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What is Anion Gap?

What is Anion Gap?
Anion gap is the artificial measurement of ions. The measurement is an approximated one and not accurate. Ions are molecules which carry a charge with them. Positively charge carriers are called cations and those which bear a negative charge are called anions. This is used to calculate the unmeasured ions in the plasma. This method has much clinical importance. Urine anion gap is also used in clinics though the term anion gap usually refers to the ion in the plasma. Sodium, Potassium, Magnesium and Calcium are the most commonly measured ions .Anion Gap is usually represented as AG. Negatively charged proteins constitute about 10 percentage of the plasma. Proteins like albumin, sulphates and phosphates are grouped under unmeasured anions .It is being assumed that the concentration of anions will be more than that of cations. The unit of concentration is millimoles/litre.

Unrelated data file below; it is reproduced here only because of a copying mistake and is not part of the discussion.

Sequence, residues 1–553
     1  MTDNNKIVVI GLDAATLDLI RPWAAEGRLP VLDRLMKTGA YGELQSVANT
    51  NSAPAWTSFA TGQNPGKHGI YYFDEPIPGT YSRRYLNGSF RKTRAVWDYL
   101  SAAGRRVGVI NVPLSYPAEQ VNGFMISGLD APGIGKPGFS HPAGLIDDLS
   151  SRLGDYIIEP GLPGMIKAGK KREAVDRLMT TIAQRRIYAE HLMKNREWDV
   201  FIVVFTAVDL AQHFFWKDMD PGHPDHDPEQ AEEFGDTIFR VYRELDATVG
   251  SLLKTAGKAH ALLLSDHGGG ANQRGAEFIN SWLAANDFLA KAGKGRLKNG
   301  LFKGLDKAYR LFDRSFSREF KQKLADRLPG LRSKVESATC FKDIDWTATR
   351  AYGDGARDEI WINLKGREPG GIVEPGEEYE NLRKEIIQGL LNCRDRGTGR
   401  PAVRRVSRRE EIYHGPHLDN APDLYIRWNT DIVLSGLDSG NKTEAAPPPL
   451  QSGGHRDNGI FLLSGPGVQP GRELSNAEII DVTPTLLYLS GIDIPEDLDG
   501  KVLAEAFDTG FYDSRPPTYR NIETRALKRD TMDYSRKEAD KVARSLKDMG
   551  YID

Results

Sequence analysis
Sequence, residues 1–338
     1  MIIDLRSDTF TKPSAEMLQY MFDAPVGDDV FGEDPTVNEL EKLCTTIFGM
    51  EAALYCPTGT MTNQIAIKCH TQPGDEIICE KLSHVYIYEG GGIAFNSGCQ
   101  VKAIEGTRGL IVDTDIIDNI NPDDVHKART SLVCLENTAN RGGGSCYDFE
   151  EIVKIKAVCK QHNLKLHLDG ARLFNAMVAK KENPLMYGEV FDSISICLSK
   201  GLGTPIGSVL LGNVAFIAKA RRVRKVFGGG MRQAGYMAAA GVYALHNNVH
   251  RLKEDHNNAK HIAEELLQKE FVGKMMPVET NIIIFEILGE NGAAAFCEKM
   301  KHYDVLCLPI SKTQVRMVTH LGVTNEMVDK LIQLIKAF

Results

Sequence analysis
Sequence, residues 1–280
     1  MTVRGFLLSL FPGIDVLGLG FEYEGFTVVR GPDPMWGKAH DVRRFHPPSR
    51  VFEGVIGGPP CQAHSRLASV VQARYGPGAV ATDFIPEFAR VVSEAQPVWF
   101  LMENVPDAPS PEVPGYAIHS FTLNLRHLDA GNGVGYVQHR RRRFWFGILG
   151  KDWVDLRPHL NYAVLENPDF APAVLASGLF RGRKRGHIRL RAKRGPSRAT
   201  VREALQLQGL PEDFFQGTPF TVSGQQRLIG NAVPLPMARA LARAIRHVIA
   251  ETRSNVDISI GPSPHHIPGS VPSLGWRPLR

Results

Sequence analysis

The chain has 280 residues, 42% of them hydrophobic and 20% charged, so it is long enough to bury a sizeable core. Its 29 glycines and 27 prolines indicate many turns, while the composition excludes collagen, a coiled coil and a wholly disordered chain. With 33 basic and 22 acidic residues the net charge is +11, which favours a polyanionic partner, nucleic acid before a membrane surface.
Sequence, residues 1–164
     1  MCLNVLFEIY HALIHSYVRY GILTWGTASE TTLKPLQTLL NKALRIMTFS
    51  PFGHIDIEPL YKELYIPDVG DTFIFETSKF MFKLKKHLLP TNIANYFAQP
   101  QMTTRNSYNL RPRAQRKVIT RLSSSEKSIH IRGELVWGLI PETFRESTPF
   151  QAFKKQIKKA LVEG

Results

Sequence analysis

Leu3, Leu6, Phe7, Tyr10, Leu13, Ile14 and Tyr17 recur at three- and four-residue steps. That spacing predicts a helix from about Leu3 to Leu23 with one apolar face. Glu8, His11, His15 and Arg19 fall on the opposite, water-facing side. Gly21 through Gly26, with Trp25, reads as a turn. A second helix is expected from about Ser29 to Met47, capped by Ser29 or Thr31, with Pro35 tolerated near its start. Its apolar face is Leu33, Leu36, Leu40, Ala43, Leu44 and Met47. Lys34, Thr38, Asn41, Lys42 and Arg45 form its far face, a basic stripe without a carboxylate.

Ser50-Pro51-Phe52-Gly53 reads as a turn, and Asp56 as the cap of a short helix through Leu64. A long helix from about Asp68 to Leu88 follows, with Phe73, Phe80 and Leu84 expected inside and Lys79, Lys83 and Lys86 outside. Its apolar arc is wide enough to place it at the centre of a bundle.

In a person with normal health the anion gap is usually considered to be positive. The value tends to change when there is a deviation from the normalcy. An increased anion gap can result from excess production of acid in the body or when acids are not removed in the proper manner. A rise in acid level causes increased respiratory rate, low blood pressure and poor appetite. High anion gap is an indication of reduced level of high alkaline minerals. Overproduction of ketoacid and lactic acid in the body can also account for the high anion gap. Hypoalbuminea, Lithium toxicity, hypothyroidism and any kidney associated disease can be the cause for low anion gap. A Sodium and Potassium pump functions in the body to maintain the internal and external electrical potential. Anion gap is analyzed with modern analyzers which makes use of ion selective electrodes instead of the traditional ones. Anion gap is of much clinical significance as it can predict the intensity of acidosis and the effectiveness of the treatment in a patient.

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Posted by swapna on Feb 13th, 2011 and filed under Miscellaneous. You can follow any responses to this entry through the RSS 2.0. You can leave a response via following comment form or trackback to this entry from your site